Three Cases of MERS-CoV in Saudi Arabia are Reported to WHO

Between Jan. 3 and Jan. 5, 2015, the National IHR Focal Point for the Kingdom of Saudi Arabia (KSA) notified the World Health Organization (WHO) of three additional cases of Middle East respiratory syndrome coronavirus (MERS-CoV) infection.

Details of the cases are as follows:

1. A 69-year-old male from Najran city developed symptoms on Dec. 23 and was admitted to a hospital on Jan. 2. The patient has comorbidities. Although his neighbors rear camels, the patient has neither a history of direct contact with them nor of consuming raw camel products. In the 14 days prior to the onset of symptoms, he traveled to Yemen. He has no history of exposure to other known risk factors in the 14 days that preceded the onset of symptoms. Currently, the patient is in stable condition and remains in an isolation ward.

2. A 76-year-old male from Taif city developed symptoms on Dec. 26 and was admitted to a hospital on Dec. 31. The patient has comorbidities as well as a history of frequent contact with camels and raw camel milk consumption. He has no history of exposure to other known risk factors in the 14 days prior to the onset of symptoms. Currently, the patient is in ICU and remains in critical condition.

3. A 45-year-old male from Dammam city developed symptoms on Dec. 31 and was admitted to a hospital on Jan. 1. The patient has no comorbidities. Although he frequently visits his friends’ camel farm, the patient has no history of direct contact with camels. The patient has no history of exposure to other known risk factors in the 14 days prior to the onset of symptoms. Currently, he is in stable condition and remains in isolation.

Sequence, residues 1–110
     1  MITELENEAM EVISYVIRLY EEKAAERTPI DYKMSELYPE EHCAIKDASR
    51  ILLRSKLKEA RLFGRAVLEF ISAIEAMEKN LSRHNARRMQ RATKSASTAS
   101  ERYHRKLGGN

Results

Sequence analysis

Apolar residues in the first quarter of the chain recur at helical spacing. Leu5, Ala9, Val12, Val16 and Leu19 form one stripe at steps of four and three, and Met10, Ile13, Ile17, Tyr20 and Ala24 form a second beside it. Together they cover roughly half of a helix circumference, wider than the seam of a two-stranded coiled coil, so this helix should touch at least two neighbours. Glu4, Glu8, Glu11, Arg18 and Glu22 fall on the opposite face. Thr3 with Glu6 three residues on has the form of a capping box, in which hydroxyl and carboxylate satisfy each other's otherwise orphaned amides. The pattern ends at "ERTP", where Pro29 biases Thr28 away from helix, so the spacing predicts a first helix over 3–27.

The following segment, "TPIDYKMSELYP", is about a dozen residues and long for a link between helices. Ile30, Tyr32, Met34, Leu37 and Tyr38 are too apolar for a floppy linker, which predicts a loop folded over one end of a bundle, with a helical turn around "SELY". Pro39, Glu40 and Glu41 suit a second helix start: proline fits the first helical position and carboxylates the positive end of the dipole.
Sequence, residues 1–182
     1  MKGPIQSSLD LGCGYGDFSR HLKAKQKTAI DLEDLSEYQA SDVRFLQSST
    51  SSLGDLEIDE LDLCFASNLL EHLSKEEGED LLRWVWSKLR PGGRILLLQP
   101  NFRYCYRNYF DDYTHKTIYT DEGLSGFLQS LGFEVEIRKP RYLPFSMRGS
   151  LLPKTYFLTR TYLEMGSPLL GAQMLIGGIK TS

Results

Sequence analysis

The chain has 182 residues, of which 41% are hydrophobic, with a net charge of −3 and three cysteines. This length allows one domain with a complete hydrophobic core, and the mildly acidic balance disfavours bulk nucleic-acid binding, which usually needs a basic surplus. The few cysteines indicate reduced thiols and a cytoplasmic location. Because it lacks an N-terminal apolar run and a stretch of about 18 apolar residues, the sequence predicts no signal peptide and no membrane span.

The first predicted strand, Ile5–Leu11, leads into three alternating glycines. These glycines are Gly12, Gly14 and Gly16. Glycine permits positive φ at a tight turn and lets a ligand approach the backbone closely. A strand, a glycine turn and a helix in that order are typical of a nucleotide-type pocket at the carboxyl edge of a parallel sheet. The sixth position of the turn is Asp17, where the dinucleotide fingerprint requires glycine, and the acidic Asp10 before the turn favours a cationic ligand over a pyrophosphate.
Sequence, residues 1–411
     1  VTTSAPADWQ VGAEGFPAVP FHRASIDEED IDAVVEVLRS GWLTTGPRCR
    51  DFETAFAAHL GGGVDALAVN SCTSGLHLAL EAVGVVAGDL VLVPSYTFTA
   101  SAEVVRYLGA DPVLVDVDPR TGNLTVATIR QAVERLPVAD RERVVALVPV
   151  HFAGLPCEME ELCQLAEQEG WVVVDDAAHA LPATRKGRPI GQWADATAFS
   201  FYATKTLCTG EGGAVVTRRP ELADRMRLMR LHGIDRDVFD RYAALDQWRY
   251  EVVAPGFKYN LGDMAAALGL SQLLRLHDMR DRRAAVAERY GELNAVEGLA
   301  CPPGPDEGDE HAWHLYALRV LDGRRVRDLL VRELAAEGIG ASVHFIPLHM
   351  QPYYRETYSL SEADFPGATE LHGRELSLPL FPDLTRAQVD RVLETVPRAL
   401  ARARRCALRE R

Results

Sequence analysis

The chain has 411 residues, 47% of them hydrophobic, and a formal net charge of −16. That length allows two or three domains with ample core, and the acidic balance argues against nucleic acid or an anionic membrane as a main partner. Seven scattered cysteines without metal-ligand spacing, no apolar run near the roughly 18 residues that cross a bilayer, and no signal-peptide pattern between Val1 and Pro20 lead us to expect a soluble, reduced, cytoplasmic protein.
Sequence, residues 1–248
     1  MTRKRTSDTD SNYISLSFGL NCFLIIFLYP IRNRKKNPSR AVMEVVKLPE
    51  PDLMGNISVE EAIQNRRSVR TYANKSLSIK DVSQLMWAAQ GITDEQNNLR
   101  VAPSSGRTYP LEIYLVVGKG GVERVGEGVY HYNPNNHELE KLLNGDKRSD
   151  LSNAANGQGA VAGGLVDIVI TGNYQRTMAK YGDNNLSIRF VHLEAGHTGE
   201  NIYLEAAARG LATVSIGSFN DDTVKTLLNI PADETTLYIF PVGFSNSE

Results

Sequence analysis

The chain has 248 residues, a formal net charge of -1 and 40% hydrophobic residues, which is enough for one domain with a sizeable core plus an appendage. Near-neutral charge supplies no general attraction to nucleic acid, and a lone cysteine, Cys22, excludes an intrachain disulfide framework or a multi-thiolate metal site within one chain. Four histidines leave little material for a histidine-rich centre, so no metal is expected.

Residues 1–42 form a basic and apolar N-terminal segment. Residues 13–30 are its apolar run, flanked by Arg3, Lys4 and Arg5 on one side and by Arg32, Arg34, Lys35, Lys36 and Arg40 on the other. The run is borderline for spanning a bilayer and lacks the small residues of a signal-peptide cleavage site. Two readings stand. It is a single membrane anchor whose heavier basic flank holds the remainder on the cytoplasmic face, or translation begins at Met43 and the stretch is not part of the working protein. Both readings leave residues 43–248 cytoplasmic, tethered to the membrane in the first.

Contact tracing of household contacts and healthcare contacts is ongoing for these cases.

The National IHR Focal Point for the Kingdom of Saudi Arabia also notified WHO of the death of one previously reported MERS-CoV case.

Globally, WHO has been notified of 948 laboratory-confirmed cases of infection with MERS-CoV, including at least 349 related deaths.

Based on the current situation and available information, WHO encourages all of its member states to continue their surveillance for acute respiratory infections and to carefully review any unusual patterns.

Infection prevention and control measures are critical to prevent the possible spread of MERS-CoV in health care facilities. It is not always possible to identify patients with MERS-CoV early because like other respiratory infections, the early symptoms of MERS-CoV are non-specific. Therefore, health-care workers should always apply standard precautions consistently with all patients, regardless of their diagnosis. Droplet precautions should be added to the standard precautions when providing care to patients with symptoms of acute respiratory infection; contact precautions and eye protection should be added when caring for probable or confirmed cases of MERS-CoV infection; airborne precautions should be applied when performing aerosol generating procedures.

Until more is understood about MERS-CoV, people with diabetes, renal failure, chronic lung disease, and immunocompromised persons are considered to be at high risk of severe disease from MERSCoV infection. Therefore, these people should avoid close contact with animals, particularly camels, when visiting farms, markets, or barn areas where the virus is known to be potentially circulating. General hygiene measures, such as regular hand washing before and after touching animals and avoiding contact with sick animals, should be adhered to.

Food hygiene practices should be observed. People should avoid drinking raw camel milk or camel urine, or eating meat that has not been properly cooked.

WHO does not advise special screening at points of entry with regard to this event nor does it currently recommend the application of any travel or trade restrictions.

Source: WHO

TAGS: WHO Pathogens
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